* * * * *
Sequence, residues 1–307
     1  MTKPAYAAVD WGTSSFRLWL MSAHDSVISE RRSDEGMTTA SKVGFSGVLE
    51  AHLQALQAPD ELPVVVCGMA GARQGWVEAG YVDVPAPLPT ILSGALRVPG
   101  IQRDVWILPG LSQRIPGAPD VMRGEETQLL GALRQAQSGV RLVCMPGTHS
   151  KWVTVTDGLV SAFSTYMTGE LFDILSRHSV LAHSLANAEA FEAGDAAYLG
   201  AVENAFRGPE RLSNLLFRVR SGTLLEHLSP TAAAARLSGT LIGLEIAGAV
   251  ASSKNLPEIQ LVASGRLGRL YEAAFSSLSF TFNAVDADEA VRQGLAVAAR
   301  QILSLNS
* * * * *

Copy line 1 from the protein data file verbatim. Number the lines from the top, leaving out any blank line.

Sequence, residues 1–307